Like a good improv comic, Kunitsu-Gami keeps up the "Yes, and" progression. Within just a few missions, the game starts to reveal its hand: an engrossing mix of management and resources and attacks. You can reset or change your upgrades on a whim, so the space for experimentation is enormous. Soh feels great to play once you learn which combos to use in a given situation, and in my case, to give any incoming attacks a wide berth when you're looking to dodge. Meanwhile, new roles, the towers of this tower defense game, wage an arms race with the ever-changing Seethe. 

Kunitsu-Gami Path of the Goddess

(Image credit: Capcom)

The lovely wrapper on this thing, a vibrant dreamscape not just drenched in Japanese art and culture but also displaying a clear love and respect for it, is maybe the most compelling part. The devs constructed actual miniatures to use as a base for levels, and that degree of detail comes through beautifully. The interplay of light and dark is dazzling. Petals and fireworks erupt as you cleanse the defilement. Every last outfit – again, made using photogrammetry and some real clothing – is intricately layered. Splashes of color follow your sword as if a watercolor artist is tracing your movements. Contrastingly, the Seethe are horrible little things, and sometimes horrible giant things, sometimes humanoid and sometimes patently monstrous, and it's hard to say which is worse.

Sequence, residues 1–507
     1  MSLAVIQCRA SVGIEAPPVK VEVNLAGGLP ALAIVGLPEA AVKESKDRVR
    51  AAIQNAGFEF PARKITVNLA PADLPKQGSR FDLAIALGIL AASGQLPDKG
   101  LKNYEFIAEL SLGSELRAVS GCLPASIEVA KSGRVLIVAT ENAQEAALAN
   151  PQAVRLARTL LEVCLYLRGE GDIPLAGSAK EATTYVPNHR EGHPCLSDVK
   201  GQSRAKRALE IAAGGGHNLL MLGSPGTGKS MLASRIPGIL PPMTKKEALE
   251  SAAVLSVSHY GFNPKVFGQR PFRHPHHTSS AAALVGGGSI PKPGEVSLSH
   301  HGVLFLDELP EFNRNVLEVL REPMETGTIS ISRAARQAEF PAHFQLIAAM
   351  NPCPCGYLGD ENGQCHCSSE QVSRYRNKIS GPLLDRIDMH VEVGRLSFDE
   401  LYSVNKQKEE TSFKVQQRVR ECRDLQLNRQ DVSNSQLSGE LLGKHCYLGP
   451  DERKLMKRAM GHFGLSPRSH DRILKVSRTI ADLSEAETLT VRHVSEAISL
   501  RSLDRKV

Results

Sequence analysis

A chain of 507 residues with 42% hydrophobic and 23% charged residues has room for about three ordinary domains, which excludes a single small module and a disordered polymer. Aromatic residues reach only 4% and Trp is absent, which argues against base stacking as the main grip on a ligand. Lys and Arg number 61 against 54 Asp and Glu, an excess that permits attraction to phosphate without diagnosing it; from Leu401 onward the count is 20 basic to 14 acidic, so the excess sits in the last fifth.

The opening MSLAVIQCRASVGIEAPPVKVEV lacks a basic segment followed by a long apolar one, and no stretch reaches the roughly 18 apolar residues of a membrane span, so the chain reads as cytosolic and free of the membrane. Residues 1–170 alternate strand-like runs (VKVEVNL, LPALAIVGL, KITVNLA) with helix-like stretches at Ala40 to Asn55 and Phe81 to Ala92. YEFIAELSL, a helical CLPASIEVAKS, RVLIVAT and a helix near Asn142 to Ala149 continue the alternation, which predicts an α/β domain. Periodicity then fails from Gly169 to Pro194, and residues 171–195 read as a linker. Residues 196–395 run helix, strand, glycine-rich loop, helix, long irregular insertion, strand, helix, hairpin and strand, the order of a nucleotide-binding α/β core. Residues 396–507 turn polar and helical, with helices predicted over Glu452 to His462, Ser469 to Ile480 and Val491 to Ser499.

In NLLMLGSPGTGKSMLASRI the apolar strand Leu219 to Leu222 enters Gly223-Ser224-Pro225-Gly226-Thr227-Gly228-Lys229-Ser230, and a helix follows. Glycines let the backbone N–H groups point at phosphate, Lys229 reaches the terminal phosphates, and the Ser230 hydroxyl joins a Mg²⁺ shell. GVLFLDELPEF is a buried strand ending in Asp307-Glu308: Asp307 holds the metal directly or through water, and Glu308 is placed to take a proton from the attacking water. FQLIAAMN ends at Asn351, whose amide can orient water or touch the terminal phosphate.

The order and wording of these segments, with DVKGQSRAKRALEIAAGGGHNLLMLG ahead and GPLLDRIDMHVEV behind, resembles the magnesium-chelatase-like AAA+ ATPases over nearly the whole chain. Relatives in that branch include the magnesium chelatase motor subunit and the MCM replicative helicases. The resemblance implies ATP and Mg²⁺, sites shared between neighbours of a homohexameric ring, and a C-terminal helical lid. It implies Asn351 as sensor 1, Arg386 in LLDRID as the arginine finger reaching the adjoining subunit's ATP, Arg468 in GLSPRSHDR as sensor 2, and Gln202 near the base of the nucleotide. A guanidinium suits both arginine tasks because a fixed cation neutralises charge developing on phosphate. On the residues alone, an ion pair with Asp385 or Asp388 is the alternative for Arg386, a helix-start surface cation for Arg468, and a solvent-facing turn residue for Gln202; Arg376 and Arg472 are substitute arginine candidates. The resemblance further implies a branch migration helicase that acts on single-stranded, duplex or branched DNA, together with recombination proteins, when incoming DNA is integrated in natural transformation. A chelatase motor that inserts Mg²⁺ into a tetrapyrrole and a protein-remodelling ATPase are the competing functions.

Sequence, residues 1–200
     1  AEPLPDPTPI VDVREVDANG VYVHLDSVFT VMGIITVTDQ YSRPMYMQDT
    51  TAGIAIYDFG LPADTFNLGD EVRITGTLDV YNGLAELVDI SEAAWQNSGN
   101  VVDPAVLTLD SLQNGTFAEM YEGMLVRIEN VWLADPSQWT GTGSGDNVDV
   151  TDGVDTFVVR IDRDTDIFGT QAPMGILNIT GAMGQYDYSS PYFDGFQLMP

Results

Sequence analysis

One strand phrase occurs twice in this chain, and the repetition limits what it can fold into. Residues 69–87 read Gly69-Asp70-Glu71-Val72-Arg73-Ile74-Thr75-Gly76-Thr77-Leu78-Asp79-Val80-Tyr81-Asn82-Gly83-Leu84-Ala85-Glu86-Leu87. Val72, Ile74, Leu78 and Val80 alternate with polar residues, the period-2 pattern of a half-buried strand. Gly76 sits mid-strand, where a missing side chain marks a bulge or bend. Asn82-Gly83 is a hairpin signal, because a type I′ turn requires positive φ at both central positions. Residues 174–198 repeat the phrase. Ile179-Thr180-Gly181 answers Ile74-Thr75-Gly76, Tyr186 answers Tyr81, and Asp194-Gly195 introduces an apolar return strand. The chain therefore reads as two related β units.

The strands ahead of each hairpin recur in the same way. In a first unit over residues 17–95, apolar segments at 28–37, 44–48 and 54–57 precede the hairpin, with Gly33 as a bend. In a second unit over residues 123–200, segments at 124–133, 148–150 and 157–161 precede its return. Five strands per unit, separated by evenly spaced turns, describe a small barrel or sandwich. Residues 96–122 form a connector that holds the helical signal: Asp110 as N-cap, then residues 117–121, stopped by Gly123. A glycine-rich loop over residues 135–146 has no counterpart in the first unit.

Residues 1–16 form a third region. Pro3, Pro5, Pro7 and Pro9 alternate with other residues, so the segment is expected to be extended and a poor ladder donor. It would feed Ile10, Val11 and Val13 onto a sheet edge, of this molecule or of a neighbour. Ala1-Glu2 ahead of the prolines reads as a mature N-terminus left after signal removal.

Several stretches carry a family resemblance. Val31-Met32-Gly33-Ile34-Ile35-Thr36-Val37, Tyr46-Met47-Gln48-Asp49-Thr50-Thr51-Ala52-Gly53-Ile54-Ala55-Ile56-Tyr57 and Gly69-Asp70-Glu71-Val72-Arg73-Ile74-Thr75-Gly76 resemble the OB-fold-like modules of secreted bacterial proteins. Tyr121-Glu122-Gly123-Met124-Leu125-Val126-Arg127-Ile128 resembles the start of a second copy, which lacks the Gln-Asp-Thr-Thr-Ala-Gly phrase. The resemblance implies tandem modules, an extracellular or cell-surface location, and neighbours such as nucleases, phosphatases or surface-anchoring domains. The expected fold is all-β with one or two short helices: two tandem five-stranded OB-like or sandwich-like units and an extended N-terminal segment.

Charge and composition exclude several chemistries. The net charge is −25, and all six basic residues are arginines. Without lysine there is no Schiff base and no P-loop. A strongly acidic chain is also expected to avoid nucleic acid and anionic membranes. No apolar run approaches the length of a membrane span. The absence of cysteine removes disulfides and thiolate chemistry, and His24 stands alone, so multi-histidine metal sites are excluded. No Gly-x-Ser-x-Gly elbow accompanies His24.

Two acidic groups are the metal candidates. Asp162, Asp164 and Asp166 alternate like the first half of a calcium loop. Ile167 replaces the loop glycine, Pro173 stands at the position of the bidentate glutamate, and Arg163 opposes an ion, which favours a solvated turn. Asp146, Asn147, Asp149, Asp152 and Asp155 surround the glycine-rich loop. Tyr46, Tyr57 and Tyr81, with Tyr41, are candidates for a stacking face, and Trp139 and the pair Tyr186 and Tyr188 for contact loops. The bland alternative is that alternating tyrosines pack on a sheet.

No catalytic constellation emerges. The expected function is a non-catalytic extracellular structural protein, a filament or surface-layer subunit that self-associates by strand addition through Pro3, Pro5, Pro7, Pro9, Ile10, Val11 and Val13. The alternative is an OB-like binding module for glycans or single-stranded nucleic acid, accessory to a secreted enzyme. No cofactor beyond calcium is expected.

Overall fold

A rare type of game 

Kunitsu-Gami Path of the Goddess

(Image credit: Capcom)

It's fascinating stuff, the kind of weird we sadly don't often see from studios of Capcom's size. This is sandwiched between giants like Dragon's Dogma 2 and 2025's Monster Hunter Wilds, which makes it all the more special.